Sacral stimulation Electrode placement:

·         Peri-anal S2-S3 dermatomes 3 studies showed improvement = reduction in detrusor over activity, parameters varied: 12 h/day, 6 h/day,

·         Over sacral foramina , 2x/day x 15 min

Tibial Posterior Tibial Nerve Stimulation

·         Initially developed using the SANS (Stoller afferent nerve stimulator) 34 gauge needle electrode in SP6 acupuncture point and surface elect rode placed behind medial malellelus

·         Non-implanted electrodes are placed  the above medial malleolus and at medial aspect of calcaneus

·         Studies show promising results, 1 shows good acceptance of use of device at home

Suprapubic- study to reduce pain in PBS also showed decr urinary frequency, efficacy for use in OAB is unproven

Are the acute effects of stimulation of clinical significance? 

·         Researchers have tried to answer this by assessing the immediate effects of ES during a urodynamic study

·         A study on SCI patients receiving ES to thigh showed Increased maximum cystometry capacity MCC and decreased maximum detrusor pressure MDP, improved continence

·         A study on ES over S3 dermatome did not clearly demonstrated effects on MCC, but improved decrease in MDP

·         Studies in neurologic patients 50% improvement in MCC, other studies no sig difference

Which stimulation parameters?

·         The location of electrodes and range of stimulus parameters are likely to be critical factors in all forms of stimulation.

·         Relevant stimulus parameters include pulse width; pulse repetition frequency; burst length (if applicable) and stimulus intensity (preferably quoted as current as voltage stimulation coupled with uncertain electrode-tissue interface impedance leads to uncertainty as to delivered stimulus strength). The technical description of the stimuli used in some studies does not give all these details.

·         Stimulus intensity in question- below motor threshold? Above perception threshold? To anal wink?


·         Sham ES is difficult to produce 2 to sensation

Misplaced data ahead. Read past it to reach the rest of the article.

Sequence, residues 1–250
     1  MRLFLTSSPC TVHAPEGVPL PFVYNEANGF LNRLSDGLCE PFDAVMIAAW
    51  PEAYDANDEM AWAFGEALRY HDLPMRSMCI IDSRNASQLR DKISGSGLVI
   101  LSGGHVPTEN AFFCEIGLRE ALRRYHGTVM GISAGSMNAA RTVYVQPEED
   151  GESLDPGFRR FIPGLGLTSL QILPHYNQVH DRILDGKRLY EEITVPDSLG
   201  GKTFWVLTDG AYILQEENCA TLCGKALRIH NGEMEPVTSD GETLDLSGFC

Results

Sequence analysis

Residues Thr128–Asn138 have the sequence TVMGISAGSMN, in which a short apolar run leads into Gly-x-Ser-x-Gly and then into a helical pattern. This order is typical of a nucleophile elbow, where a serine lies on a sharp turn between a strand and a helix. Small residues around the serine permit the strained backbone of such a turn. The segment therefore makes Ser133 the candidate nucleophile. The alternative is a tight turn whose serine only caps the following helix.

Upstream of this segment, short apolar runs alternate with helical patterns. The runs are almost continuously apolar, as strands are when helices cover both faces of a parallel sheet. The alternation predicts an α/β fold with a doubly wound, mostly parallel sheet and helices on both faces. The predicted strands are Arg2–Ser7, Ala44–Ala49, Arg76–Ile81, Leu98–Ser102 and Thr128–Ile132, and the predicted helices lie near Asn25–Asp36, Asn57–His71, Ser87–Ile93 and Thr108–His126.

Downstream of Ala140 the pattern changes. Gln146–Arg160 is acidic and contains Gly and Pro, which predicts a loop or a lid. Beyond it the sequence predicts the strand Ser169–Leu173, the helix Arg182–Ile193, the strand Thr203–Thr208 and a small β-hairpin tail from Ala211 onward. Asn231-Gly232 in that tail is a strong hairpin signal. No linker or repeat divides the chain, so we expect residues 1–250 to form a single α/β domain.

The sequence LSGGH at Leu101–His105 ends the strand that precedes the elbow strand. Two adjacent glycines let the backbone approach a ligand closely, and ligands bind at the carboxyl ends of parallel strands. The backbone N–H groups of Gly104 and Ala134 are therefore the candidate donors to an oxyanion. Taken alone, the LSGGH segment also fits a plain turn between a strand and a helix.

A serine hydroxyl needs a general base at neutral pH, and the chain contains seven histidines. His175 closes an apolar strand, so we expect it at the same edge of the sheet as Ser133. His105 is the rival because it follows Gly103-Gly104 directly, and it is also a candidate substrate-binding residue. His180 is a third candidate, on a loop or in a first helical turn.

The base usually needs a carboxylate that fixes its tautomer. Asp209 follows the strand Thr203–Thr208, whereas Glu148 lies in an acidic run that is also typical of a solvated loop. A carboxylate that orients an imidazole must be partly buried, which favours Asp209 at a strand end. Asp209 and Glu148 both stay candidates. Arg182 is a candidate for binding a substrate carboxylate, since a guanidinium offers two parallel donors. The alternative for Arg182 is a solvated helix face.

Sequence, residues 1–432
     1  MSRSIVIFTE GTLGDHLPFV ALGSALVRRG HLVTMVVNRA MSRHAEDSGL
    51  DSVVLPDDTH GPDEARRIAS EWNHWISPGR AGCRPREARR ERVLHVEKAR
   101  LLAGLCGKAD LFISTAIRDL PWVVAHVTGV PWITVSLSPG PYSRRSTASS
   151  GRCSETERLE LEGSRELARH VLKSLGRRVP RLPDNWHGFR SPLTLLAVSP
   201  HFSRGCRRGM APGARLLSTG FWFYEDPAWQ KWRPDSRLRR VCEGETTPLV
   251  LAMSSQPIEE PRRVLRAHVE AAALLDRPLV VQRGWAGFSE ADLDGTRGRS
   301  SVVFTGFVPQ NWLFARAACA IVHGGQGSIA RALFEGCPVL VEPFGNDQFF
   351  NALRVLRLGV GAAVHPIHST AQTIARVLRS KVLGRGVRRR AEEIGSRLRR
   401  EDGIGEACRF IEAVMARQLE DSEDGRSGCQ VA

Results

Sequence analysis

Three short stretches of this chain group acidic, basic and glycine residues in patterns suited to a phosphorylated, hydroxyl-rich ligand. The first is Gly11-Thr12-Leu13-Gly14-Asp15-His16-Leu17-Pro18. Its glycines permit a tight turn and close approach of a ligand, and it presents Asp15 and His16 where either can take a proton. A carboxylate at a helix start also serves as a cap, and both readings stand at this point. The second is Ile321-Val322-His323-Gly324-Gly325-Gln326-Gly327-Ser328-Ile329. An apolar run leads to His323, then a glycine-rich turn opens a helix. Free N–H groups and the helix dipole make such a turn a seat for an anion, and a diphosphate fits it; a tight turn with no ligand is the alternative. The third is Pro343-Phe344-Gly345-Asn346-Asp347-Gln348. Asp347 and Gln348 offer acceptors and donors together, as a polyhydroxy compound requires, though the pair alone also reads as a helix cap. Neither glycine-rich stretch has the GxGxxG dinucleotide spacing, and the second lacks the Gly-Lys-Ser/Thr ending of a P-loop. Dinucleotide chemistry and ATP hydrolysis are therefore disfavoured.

·         One method : Habituation as sham- tell the pt that they are getting used to stim then turn intensity to 0

·         One study did not tell participants that them may receive sham stim- ethical?

Conclusion: The current consensus is that the most promising site of stimulation is the S3 area of the spinal cord over the sacral region or over the posterior tibial nerve, but it is not clear which approach to stimulus delivery is the most effective. Little is known about the underlying mechanisms of action and which exact structures need to be stimulated.

Questions for discussion:

·         How often do you use TENS/NMES?

·         What parameters?

·         Do you issue units for home use?

·         What are barriers to using TENS?

·         What are best results?

Urinary incontinence symptoms and impact on quality of life in patients seeking outpatient physical therapy services

Meryl Alappattu, Cynthia Neville, Jason Beneciuk & Mark Bishop
(2016) , Physiotherapy Theory and Practice, 32:2, 107-112
Review provided by Cynthia Neville, PT, DPT, WCS for Pelvic Physiotherapy Journal Club May 4, 2016
Why I wanted to review this article: Brooks Rehabilitation is the largest provider of OP PT services in the state of Florida serving upwards of 25,000 unique OP/year. When I arrived to start a WH program there, I instituted a screening program to identify current patients who might benefit from PT rx for UI, to generate referrals to the program, and collect outcomes.  This article is one of several articles stemming from this database.